Commerce Secretary Robert A. Mosbacher is leading 15 top American business executives on a mission to Moscow next week to advise the Soviets on bolstering their sagging economy and suggest ways they can increase their oil production.

On the trip will be the chief executives of major U.S. oil companies, who will offer advice on how to turn around the continued decline in Soviet oil production and seek business for themselves as Moscow opens more of its petroleum resources for development by foreign companies.

Oil is the major source of hard currency for the Soviet Union, and Moscow is seeking increased production to give its economy a needed boost, Mosbacher said. While the Soviet Union is the world's largest producer of oil, with one-sixth of the global supply coming from its wells, its output has been falling steadily because of mismanagement, outdated equipment and inefficient pipelines.

An increase of oil production would not only help the Soviet economy but also relieve Western Europe's dependence on the Middle East for its energy supplies.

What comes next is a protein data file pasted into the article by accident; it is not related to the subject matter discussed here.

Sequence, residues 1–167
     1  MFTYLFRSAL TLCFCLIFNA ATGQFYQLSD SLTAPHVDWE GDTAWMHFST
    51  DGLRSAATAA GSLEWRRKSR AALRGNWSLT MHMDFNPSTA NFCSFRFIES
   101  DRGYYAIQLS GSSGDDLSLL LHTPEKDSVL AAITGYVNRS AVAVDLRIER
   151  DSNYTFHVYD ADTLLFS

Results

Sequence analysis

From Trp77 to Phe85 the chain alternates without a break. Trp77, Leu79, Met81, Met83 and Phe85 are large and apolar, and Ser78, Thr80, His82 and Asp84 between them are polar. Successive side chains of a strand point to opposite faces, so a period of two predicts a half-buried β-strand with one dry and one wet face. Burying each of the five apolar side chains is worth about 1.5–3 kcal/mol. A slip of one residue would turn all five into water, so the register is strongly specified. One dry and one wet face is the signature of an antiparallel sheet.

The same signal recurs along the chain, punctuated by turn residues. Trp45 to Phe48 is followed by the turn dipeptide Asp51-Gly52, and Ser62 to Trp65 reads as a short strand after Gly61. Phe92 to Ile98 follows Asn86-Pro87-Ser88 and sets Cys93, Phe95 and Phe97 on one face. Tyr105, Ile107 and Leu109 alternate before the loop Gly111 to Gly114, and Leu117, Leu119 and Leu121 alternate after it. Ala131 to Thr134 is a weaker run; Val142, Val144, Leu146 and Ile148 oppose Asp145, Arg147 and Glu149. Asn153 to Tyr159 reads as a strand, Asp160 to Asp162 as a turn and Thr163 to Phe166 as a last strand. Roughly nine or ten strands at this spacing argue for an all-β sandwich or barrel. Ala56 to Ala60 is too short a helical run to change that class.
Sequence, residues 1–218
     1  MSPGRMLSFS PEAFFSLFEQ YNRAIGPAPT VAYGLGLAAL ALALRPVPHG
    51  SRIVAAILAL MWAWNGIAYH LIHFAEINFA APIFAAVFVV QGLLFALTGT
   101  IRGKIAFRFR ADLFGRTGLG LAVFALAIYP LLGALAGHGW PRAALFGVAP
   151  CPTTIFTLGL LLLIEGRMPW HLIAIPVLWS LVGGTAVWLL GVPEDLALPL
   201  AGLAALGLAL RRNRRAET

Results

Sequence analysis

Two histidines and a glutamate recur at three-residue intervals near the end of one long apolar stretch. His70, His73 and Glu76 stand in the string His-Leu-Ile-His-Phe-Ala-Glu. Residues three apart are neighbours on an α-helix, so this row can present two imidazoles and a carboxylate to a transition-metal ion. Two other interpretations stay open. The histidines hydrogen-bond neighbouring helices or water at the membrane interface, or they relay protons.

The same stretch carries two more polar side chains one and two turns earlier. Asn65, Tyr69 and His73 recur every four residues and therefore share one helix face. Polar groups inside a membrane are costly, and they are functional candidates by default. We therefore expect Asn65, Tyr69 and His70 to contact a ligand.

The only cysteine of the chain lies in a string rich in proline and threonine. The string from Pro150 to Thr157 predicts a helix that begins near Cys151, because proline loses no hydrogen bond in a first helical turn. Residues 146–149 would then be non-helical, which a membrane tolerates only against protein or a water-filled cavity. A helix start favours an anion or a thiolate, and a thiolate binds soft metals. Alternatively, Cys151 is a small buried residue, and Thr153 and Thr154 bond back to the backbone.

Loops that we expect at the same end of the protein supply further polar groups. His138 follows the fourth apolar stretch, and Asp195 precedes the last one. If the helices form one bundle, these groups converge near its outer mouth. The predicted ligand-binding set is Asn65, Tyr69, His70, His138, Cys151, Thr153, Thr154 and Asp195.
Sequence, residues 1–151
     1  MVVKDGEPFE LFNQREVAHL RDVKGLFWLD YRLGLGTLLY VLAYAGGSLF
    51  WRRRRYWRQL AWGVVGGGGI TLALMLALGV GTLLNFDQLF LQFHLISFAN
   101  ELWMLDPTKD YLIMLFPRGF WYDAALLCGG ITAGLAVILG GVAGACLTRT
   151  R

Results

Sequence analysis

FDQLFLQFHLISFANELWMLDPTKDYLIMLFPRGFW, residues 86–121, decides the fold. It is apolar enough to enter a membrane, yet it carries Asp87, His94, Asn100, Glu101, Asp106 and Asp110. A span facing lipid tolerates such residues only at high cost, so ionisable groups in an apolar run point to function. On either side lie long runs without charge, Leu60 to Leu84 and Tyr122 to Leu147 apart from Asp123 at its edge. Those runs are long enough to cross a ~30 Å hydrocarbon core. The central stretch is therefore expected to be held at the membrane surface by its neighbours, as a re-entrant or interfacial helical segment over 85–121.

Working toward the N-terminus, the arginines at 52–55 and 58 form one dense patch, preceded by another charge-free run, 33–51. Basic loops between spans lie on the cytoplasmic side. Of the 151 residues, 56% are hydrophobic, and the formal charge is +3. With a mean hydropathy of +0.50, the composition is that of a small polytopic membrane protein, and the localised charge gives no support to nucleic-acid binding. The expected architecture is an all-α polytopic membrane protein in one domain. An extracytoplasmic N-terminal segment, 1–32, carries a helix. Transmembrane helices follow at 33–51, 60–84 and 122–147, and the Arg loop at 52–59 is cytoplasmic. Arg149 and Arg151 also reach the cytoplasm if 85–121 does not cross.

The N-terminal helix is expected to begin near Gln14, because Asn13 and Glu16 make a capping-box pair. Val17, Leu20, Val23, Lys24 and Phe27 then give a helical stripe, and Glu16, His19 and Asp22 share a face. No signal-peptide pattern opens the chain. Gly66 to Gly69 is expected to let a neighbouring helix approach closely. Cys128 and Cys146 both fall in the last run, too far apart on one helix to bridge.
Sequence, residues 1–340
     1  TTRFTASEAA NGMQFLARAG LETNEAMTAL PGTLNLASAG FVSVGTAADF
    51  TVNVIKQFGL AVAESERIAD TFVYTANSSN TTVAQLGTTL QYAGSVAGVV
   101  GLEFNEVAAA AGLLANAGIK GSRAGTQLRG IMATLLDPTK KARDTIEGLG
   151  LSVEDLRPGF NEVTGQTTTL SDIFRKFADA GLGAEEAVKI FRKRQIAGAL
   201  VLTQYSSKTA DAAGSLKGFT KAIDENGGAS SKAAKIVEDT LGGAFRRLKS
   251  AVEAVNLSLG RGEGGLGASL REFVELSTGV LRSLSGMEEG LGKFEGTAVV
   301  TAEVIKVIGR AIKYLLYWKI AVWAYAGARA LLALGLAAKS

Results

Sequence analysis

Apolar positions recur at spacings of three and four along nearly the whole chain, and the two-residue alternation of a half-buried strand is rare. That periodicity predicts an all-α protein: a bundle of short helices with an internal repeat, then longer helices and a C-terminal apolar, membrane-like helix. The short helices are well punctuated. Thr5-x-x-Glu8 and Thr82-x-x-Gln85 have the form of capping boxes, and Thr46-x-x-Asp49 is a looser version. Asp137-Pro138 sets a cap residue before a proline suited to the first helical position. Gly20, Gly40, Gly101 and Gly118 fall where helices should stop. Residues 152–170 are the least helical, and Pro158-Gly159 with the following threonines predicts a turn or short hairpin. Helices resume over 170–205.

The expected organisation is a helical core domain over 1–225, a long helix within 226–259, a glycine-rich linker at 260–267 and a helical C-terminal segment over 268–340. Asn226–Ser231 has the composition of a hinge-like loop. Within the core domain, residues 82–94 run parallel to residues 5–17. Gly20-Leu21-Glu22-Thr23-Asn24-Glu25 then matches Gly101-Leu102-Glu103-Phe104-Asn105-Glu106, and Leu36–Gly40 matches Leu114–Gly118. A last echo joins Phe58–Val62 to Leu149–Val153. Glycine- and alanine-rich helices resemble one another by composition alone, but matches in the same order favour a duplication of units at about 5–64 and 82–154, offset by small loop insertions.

"We hope to help them turn around their dropping {oil-production} rate," Mosbacher said yesterday.

A former Texas oil wildcatter, Mosbacher said new methods and technologies available in the United States could help Moscow squeeze more oil out of its present fields and find new ones. The Soviets have indicated a willingness to open fields to exploration and production by Western companies and already have signed exploration agreements with Chevron Corp. and Texaco Inc. Chief executives from both companies are on the trip. Moscow invited Western oil companies this week to bid for exploration and production rights in two regions covering 90,000 square miles.

The Mosbacher trip comes at a time of thaw in U.S.-Soviet relations, with Moscow joining the United States in criticizing Iraq, its former Middle East ally, for invading Kuwait. As a result of that cooperation, White House spokesman Marlin Fitzwater announced Wednesday that the United States is rethinking its opposition to direct economic aid to the Soviets.

Bush and Gorbachev will meet in Finland on Sunday in a hastily called summit meeting. Immediately afterward, Bush will brief Mosbacher and the business executives, who will stop in Helsinki on their way to Moscow.

While the Mosbacher business development trip was set before Iraq's Aug. 2 invasion of Kuwait, the political and economic fallout is expected to play a role in the talks, especially in the extra emphasis given to improving Soviet oil production.

Executives on the trip represent industry sectors other than oil that Gorbachev and his aides have identified as priorities for improving the Soviet economy. These include farming, transportation and housing.